How to judge the quality of a project – case study

The only way to judge the long-term future of a top club with its current manager is to look at the system he has implemented and ask yourself ‘will this team win a league with this system on the assumption the manager gets what he wants in the market?’

I applied that to Spurs.


A crucial preface is to note that Nuno has only managed a couple of games at the club so this entire thread may become irrelevant if he throws this tactic out the window, which isn’t impossible. Anyway, Spurs press high in a narrow 4-3-3 with inverted wingers, ala Liverpool.

The implementation on the ball is virtually the same as Liverpool’s with 3 athletic, ball dominant (bar Alli) 2nd phase midfielders, fullbacks high & wide, and the 3 attackers in close proximity between the lines. All fluid, but good enough to succeed with the right off-ball structure.

However, Nuno hasn’t achieved that desired off-ball structure (yet). Spurs’ press is not bad, but it’s not on par with the best teams. They’re too easy to keep the ball against because their fullbacks are far too deep and don’t support the ball-side winger & CM when pressing.

The fullbacks do on occasion, but not often enough. They are far too conservative within their positioning. If you think of Liverpool you think of their ultra-aggressive high press with Trent and Robertson pressing as high as the opposition fullback – Royal/Reguilon don’t do that.

However, Spurs’ press is still good in certain aspects (when they’re pushed really high up the pitch), but not good enough to exert true control on the game. Watford, who are quite frankly abysmal, took the game to Spurs and had lots of the ball at Spurs’ own stadium.

Earlier, against Palace, the game was essentially 50/50 at 0-0. Sure Spurs had injuries to key players which severely negatively impacted the teams dynamics with Alli in the front 3, but that shouldn’t mean the general control is weakened, but it was, because regardless of whoplays in that Spurs system they won’t be able to truly control games. They’re easy to keep the ball against.

However, despite that, I also think that with better players Spurs could become a good team in that system who’d win a lot of games over a 38 game season, but not a title.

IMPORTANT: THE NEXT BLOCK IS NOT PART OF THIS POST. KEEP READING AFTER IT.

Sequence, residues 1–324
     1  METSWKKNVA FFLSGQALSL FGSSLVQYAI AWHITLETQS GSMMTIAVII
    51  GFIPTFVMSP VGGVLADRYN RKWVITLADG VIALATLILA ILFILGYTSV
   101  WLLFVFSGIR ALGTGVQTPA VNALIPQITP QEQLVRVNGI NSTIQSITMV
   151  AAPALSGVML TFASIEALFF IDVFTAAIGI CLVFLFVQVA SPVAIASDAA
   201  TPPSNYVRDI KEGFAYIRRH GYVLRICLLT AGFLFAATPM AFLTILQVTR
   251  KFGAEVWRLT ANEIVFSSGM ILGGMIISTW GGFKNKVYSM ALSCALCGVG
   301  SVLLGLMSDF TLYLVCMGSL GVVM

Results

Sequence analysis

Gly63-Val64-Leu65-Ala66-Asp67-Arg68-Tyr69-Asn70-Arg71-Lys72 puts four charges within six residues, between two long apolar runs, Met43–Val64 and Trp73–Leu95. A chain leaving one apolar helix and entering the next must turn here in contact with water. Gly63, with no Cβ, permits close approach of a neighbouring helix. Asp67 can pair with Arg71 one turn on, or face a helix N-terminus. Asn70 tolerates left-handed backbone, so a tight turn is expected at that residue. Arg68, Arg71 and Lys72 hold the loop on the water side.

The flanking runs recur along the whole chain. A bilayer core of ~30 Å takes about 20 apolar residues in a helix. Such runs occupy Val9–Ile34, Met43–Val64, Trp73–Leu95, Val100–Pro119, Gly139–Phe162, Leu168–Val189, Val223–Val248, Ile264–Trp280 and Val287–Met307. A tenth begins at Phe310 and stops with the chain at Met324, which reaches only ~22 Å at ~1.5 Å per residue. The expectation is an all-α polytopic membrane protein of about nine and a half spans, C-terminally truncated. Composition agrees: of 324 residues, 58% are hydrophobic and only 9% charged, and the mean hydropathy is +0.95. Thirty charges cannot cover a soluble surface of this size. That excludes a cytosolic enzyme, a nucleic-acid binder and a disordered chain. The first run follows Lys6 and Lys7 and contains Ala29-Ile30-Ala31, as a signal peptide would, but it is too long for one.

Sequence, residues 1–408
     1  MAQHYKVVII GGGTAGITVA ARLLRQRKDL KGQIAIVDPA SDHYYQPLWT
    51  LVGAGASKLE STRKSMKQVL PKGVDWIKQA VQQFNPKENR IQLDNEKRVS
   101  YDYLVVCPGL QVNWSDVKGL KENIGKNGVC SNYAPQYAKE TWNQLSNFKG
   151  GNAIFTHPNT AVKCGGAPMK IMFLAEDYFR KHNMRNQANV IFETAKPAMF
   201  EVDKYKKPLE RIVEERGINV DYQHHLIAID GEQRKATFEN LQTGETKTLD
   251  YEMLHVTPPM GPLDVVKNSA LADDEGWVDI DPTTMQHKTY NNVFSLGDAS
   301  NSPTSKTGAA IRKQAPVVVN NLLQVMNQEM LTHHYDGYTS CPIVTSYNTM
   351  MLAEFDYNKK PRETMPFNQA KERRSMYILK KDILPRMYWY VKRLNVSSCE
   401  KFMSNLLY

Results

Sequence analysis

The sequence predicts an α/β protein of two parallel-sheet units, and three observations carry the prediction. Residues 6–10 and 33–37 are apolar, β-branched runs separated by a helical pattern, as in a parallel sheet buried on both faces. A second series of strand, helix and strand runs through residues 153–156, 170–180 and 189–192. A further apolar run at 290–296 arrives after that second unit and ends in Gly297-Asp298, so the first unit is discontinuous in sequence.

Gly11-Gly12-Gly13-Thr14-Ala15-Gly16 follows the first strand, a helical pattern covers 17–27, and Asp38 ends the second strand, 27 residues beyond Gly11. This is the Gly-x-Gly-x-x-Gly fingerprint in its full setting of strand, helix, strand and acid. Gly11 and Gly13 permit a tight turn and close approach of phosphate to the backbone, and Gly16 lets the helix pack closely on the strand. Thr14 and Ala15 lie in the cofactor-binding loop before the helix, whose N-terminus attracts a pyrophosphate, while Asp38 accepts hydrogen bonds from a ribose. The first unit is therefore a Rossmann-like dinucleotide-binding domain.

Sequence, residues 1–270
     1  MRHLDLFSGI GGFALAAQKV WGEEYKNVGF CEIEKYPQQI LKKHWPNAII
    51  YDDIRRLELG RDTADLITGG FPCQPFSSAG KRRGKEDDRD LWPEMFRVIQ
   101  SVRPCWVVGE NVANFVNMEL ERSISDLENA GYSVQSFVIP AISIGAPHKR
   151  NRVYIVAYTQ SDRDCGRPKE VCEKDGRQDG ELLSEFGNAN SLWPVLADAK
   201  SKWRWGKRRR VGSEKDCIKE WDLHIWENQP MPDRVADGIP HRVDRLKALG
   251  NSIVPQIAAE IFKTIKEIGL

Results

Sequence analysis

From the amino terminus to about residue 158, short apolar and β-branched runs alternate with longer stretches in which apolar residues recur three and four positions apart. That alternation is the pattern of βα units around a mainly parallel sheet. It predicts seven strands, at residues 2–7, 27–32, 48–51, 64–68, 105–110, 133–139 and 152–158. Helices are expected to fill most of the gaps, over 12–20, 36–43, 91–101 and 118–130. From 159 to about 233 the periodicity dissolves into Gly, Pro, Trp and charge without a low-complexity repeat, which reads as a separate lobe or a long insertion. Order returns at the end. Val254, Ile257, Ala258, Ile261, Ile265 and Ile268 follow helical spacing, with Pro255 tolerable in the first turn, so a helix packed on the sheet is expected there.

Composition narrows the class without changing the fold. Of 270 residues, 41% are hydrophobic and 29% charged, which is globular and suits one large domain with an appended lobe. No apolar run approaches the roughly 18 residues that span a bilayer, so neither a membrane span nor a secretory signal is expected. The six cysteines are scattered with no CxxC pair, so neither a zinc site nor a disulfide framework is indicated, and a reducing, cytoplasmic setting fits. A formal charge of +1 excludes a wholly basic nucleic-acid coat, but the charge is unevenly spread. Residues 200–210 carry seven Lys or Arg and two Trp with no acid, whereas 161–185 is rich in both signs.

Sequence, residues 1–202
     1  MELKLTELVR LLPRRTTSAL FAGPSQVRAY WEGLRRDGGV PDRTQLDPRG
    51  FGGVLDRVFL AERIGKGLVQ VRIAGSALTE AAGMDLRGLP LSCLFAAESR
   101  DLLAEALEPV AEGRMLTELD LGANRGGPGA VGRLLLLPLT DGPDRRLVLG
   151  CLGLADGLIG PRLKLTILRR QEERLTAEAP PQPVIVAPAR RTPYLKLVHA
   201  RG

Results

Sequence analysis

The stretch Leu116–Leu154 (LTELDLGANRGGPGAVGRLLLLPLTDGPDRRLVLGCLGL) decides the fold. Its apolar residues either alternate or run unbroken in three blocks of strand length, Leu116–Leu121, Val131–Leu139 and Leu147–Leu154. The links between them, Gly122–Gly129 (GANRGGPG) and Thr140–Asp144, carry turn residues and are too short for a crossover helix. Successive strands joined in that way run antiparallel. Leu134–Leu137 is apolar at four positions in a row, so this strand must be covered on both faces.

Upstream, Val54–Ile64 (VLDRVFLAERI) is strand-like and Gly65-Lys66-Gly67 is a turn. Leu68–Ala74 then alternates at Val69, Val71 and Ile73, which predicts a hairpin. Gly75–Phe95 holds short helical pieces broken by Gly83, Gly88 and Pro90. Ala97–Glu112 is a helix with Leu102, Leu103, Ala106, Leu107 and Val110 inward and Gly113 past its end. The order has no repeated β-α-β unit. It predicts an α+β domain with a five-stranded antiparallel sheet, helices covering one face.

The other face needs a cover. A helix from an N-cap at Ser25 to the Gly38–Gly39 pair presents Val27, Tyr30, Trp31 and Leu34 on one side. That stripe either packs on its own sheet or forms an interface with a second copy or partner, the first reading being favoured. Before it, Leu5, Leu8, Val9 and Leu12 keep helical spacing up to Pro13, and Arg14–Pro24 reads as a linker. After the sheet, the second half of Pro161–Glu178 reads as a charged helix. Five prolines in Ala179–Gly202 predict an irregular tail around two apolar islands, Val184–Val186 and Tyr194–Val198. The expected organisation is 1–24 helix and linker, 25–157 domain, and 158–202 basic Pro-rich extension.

Where they could improve within that system is individually. They were woeful technically today. The likes of Sanchez/Lloris/Roden/Winks, etc aren’t good enough technically, & the latter two aren’t good enough physically either. So their technical security/control could improve.

t their squad, it’s clear they need a lot. Those highlighted in red aren’t good enough to start, back ups who are highlighted aren’t good enough full stop (remains to be seen with Skipp, Romero, etc).

Regardless, the players signed do basically nothing for the team

Spurs have signed an ultra-aggressive CB in Romero when they needed a leader, a back up goalkeeper to Lloris when they needed a starter, and a creator type profile in Gil when they needed a Son/Mané/Salah type. They also could’ve done with upgrading in midfield (sell Ndombele).

So, Spurs have had a stand-still summer signings wise who aren’t necessary for the long-term growth of the team. This is where it becomes clear that a project will not work – the system is flawed and even without that, other holes within that squad should’ve been prioritised.

And what makes it worse is that Levy wanted about 10 different managers this summer, nearly all of which entirely deviated in style. Not only that, but, the one he did hire had not showcased the ability to 1) play and 2) win with attractive football.

Spurs’ press has waned as the game has gone on. It all boils down to what I said when Nuno got the job – his teams are too easy to keep the ball against which means they don’t have control in all controllable facets of play. 

Peep what I said RE: 1-0 “masterclasses” (City game).

So, the answer to the initial question when judging the system and the signings is quite clearly no, as was predicted before Nuno came to the club. Good manager, but a limited one who doesn’t enable his teams to control enough facets of play to challenge for league titles.


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